Smt. Ass Kaur (Deceased) By L.Rs vs Kartar Singh (Dead) By L.Rs. & Ors on 18 May, 2007
Author: S.B. Sinha
Bench: S Sinha, Mark, E Katju
Appeal (civil) 12395 of 1996
PETITIONER:Smt. Ass Kaur (Deceased) by L.Rs
RESPONDENT:Kartar Singh (Dead) by L.Rs. & Ors
DATE OF JUDGMENT: 18/05/2007
S.B. Sinha & Markandey Katju
J U D G M E N T
S.B. SINHA, J :
1. A question of some importance in relation to applicability of custom in the matter of inheritance and succession under the Hindu Women’s Right to Property Act, 1937 falls for our consideration in this appeal which arises out of a judgment and order dated 21.01.1991 passed by the High Court of Punjab & Haryana in Civil Regular Second Appeal No. 2166 of 1978.
2. The relationship between the parties is not in dispute, which would appear from the following genealogical table :
————————————————————————— | | | Jiwan Singh Hira Singh-Wife Raj Kaur Relu Singh-Wife Sobhi Raj Kaur [died before | | [Wife] 09.12.84] Sham Singh | | | ——- ———————— | Nand Singh | | |
| [Deft. No. 4 ] Inder Singh Mehar Singh Ass Kaur | [died in 1926] [died in 1937] [died] | Through L.Rs.
| | |
Kartar Gulzar Mukhitiar
Singh Singh Singh
[Deft.No.1] [Deft. No. 2] [Deft. No.3]
Represented through L.Rs.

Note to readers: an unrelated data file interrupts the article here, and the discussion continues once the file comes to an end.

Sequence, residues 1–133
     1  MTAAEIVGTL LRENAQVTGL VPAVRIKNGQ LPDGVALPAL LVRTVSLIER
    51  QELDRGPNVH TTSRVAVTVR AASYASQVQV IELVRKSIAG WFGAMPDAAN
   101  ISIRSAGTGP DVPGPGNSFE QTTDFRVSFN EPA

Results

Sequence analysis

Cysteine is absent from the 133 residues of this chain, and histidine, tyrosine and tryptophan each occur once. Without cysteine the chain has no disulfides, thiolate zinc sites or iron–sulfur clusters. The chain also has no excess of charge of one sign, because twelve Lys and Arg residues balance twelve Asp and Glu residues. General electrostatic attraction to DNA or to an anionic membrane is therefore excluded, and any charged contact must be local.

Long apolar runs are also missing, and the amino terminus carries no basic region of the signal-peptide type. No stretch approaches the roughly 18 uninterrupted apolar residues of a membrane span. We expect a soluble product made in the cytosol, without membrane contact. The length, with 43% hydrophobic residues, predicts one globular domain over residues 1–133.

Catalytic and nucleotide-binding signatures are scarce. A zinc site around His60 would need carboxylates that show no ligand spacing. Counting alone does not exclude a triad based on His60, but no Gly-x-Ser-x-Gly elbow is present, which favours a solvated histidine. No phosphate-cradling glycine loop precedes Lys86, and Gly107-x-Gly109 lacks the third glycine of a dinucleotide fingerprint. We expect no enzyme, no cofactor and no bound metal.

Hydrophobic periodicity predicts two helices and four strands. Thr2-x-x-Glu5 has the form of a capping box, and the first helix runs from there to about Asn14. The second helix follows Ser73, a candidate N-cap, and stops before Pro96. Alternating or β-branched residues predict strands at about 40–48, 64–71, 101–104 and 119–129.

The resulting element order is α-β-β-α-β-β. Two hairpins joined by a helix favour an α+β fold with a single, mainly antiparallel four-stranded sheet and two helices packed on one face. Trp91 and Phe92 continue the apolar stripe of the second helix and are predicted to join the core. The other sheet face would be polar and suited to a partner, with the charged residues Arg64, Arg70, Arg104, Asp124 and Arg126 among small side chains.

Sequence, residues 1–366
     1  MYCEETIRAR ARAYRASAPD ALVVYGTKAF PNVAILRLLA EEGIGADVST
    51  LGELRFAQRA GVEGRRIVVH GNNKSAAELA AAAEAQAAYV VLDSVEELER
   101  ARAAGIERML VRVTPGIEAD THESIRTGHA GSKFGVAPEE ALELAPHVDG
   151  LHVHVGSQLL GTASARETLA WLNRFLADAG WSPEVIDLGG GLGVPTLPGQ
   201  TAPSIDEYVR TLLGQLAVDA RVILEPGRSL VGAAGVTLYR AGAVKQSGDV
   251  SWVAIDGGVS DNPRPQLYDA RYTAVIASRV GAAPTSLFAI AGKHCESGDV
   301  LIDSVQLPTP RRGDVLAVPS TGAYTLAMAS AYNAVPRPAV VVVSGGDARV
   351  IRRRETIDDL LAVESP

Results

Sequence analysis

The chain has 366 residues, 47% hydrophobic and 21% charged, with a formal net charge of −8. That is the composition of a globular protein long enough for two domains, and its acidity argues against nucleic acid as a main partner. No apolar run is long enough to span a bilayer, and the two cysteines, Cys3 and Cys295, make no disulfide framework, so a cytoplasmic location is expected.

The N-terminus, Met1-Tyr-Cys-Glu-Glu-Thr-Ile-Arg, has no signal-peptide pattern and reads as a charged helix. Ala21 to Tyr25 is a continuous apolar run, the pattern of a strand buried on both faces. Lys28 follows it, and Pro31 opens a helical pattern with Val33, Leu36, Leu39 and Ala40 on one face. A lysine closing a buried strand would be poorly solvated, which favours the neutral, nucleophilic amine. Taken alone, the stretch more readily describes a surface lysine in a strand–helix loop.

3. We are concerned with the branch of Relu Singh. He had two wives, namely, Sobhi and Raj Kaur. Raj Kaur was originally married to the brother to his brother Hira Singh, who had died in the year 2001. Relu Singh married to Raj Kaur on the death of brother under the customary law of the land. Relu Singh died in the year 1907. He was succeeded by his two wives and two sons Inder Singh and Mehar Singh alias Dalip Singh and daughter, the appellant. Inder Singh died in the yar1926 and Mehar Singh died in the year 1937. Sobhi, the first wife of Relu Singh and the mother of Mehar Singh and Inder Singh, died in the year 1950. Raj Kaur died about five years prior to the institution of the suit i.e. in the year 1970. Ass Kaur, daughter of Sobhi and sister of Mehar Singh and Inder Singh claimed = share in the property. The defendants-respondents contended that after the death of her husband Hira Singh, Raj Kaur contracted Karewa marriage with Relu Singh in accordance with custom. She had a son through Hira Singh. It was urged that under the Punjab customary laws governing inheritance and succession of Sidhu Jats after the death of Relu Singh, his two sons and two widows succeeded to his estate. After the death of Inder Singh and Mehar Singh, their properties were mutated in the name of their mother Sobhi and their step mother Raj Kaur. Again purported to be in terms of the rule of survivorship in accordance with the local and tribal customs her name was mutated after the death of Sobhi. She remained in exclusive possession of the said property and upon coming into force of the Hindu Succession Act, 1956, she became the absolute owner thereof. It was also contended that Sobhi was a limited owner and on her death in the year 1950, Raj Kaur succeeded to her by rule of survivorship. It was furthermore pleaded that under the customary law, the appellant herein had no right of succession in preference to the widow.